Restoration of the Greater Everglades Ecosystem has some great and obvious benefits including improving water quality, protecting South Florida drinking water supplies, and improving and protecting habitat areas for wildlife. However, restoration of the Everglades has another important benefit that doesn’t get as much attention: helping prepare for, and reduce the impacts of climate change.
Climate change can seem like a daunting global issue but there are strategies to lessen its impacts on a local level. For South Florida, continuing to invest in restoration will be key to delaying and minimizing some of the impacts. Healthier ecosystems respond better to change and more easily adapt to changing conditions. Restoring the Greater Everglades Ecosystem will also have the added benefit of improving the health and resilience of our coral reefs, and the Caloosahatchee and St. Lucie Estuaries.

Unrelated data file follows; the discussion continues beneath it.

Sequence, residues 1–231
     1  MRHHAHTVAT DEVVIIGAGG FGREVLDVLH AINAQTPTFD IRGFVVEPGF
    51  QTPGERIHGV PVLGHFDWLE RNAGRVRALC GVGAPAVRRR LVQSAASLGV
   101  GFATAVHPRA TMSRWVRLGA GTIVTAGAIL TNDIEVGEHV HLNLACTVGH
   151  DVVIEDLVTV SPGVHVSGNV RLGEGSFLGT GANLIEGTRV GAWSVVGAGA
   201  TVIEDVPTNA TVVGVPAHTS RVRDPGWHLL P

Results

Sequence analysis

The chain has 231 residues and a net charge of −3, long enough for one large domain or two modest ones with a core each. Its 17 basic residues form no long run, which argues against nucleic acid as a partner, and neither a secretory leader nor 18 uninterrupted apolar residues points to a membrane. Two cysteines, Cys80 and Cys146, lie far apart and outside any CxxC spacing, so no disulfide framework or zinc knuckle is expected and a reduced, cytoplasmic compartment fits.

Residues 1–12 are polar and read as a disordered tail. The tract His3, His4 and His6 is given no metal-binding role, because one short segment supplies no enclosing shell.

In addition to the well-known benefits for water and wildlife, continuing to move forward with the Comprehensive Everglades Restoration Plan (CERP) will help slow the intrusion of salt water into aquifers, delay impacts of sea level rise along the coasts, improve flood control, and make sure ecosystems are healthier and more resilient.
In short, it is smart planning for our future with multifold benefits for people and wildlife.
For more information, please see the following two links:
- Audubon Fact Sheet: Adapting to Climate Change in the Everglades
- NY Times: Audubon Florida's Tabitha Cale - Sea Level Rise in Florida